Intellectual property (IP) is important for all businesses and can come in a variety of forms, including marketing strategies, communications and other mission-critical solutions and files. Safeguarding IP is a necessary function for all IT departments, as letting it fall into the hands of malicious individuals could be disastrous for an organization.
Fortunately, businesses can successfully protect their IP by understanding what makes up IP and how different services can be secured, according to a guide by InformationWeek Reports and Dark Reading.
What is intellectual property and what are the risks?
In a nutshell, IP is all the things that make up an organization and differentiates it from competitors in the same industry, the guide noted. Unfortunately, many decision-makers underestimate the risks involved with keeping these resources secure, often believing they don't have anything worth stealing. This is never the case.
If a rival firm finds a way to steal product schematics from a business, for example, the thieving company may be able to produce unique solutions faster than the original organization. As a result, victimized decision-makers will experience significant revenue losses and most likely lose a large share of the market. In other words, IP theft can be extremely crippling and must be prevented.
Cybercriminals will often go to great lengths to steal intellectual property and IT departments need to ensure they have effective data protection tools to keep out malicious outsiders. A report by CounterTack, for example, noted that roughly 84 percent of companies believe they are vulnerable to advanced persistent threats targeting a firm's IP.
While implementing firewalls and other solutions is incredibly important to a firm's security program, there are several steps that need to be completed before deploying defensive tools.
How to protect intellectual property
Identifying what data is sensitive is the first step involved in safeguarding IP, InformationWeek Reports noted.
"The new cyber landscape calls for organizations to recognize that advanced, targeted attacks have moved inside the virtual walls of their networks and that a more anticipatory posture in the face of eventual attacks is required," said Neal Creighton, CEO at CounterTack.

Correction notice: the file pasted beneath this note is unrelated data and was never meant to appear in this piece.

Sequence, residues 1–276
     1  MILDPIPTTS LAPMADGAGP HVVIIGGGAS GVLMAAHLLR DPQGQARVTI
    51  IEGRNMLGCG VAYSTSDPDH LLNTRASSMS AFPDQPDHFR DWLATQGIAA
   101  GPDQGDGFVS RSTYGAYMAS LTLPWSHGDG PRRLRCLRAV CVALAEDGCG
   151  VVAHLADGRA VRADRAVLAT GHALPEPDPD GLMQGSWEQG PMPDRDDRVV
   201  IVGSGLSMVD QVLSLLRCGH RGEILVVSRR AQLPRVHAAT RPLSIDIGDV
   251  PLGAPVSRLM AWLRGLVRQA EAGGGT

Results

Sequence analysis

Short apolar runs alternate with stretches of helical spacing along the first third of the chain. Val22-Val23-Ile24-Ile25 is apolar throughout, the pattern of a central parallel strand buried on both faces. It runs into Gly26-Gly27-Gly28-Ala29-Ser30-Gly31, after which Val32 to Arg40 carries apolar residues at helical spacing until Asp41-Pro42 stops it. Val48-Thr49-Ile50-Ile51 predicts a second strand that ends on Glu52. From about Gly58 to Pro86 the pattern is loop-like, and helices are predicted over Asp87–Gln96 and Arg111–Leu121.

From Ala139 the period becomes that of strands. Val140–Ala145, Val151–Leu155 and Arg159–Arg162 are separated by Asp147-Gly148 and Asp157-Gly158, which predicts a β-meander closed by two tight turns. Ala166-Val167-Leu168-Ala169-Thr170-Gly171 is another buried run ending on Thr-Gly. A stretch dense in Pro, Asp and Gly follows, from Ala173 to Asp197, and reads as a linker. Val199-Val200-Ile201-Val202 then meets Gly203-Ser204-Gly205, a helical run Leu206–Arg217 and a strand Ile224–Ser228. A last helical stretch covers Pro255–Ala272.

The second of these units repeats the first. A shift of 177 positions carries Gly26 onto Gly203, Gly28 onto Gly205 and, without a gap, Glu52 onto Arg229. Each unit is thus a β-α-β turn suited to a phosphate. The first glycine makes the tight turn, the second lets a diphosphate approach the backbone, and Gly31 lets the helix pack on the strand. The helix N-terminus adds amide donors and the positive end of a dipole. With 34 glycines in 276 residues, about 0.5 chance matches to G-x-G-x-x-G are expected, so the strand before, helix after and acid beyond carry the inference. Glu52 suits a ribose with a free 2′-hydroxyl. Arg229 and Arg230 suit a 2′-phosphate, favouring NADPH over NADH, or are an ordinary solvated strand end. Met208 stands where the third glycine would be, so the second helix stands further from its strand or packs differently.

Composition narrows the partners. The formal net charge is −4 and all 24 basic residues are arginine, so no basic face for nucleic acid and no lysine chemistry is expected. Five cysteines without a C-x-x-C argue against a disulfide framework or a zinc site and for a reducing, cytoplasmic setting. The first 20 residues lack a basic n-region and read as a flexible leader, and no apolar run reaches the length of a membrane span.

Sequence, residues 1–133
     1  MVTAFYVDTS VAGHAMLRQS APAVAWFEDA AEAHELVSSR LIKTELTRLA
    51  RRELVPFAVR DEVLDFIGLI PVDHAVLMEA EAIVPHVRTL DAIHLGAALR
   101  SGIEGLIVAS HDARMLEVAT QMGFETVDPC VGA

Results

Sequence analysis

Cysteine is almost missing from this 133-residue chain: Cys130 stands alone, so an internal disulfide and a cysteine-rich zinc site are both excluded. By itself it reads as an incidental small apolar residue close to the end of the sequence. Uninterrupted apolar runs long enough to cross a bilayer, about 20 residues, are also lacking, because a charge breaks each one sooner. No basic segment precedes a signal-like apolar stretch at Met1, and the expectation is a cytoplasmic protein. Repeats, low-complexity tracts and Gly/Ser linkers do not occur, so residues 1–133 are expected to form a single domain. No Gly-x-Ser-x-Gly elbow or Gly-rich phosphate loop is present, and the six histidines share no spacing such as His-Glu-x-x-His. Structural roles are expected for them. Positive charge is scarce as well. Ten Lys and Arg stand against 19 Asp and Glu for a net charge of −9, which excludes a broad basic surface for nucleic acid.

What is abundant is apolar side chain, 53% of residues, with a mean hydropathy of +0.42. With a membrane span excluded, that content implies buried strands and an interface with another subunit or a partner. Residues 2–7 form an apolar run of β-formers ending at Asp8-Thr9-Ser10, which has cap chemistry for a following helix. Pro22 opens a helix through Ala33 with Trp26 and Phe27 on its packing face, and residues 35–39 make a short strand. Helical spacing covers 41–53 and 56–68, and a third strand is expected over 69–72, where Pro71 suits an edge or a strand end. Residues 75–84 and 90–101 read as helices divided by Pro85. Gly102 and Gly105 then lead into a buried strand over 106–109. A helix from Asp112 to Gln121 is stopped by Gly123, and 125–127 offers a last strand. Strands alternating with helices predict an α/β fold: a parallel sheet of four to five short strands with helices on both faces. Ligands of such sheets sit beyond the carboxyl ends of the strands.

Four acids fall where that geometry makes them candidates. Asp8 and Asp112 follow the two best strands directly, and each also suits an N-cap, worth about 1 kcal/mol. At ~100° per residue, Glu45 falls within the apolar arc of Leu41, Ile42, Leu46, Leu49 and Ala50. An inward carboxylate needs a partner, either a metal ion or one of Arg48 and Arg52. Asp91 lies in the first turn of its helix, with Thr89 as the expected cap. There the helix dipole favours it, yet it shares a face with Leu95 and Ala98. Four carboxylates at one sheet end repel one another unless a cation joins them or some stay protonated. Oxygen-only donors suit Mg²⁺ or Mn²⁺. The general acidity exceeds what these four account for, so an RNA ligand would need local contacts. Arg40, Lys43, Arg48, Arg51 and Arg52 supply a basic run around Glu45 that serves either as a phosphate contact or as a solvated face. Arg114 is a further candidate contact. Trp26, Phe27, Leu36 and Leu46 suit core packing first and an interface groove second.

To effectively protect mission-critical data and applications, no parties should be left out of the evaluation stage. This means engineers, marketers and other department heads need to help the IT department classify all resources that need to be defended, InformationWeek Reports said. Companies should also consider establishing a policy that requires users to summarize a file's contents in the metadata, allowing security executives to easily identify which assets are sensitive.
Once IP is identified, decision-makers need to recognize which solutions are most valuable and prioritize the protection of these over less important files. In most cases, it is not necessary to implement extensive data security tools for all resources. Instead, IT departments should deploy robust defensive measures for highly classified information and implement basic security for everything else, InformationWeek Reports noted.
After all IP is identified, classified and labeled, it is the IT executive's responsibility to lock it down. This means IT needs to step in and monitor where the files are located, who in the company has access to them and why individuals are using them, InformationWeek Reports said.
"Regardless of the number of classification levels, the security procedure should be the same," the guide said.
Decision-makers also need to educate staff on the importance of protecting intellectual property, InformationWeek Reports noted. This was echoed by another ZDNet report, which said that preparing different departments throughout the business for a data breach is a crucial step in identifying when a malicious individual has breached security and has jeopardized IP.
A common problem is that many companies don't place an importance on policies regarding the security of intellectual property, Klein & Co. computer forensics expert and director Nick Klein told ZDNet. By establishing rules for employees early on in their careers, organizations will likely experience fewer problems in the future and, if they do, will be able to investigate and collect evidence against specific users more effectively.
"We have a lot of cases where people say, 'we had an employee who deleted their email. The only copy of it was a PST [personal storage table] archive [which contains outlook emails] on their computer. Can you get it back?'" Klein said, according to ZDNet. "A simple policy change to force that person to store that PST on the network could have overcome that."
Ensuring the protection of intellectual property is a necessary function for all businesses, as the exposure of these resources could lead to large fines or worse. By planning ahead and deploying effective security strategies, organizations can mitigate concerns associated with IP, allowing them to focus on other mission-critical goals and operations.
Data Security News from SimplySecurity.com by Trend Micro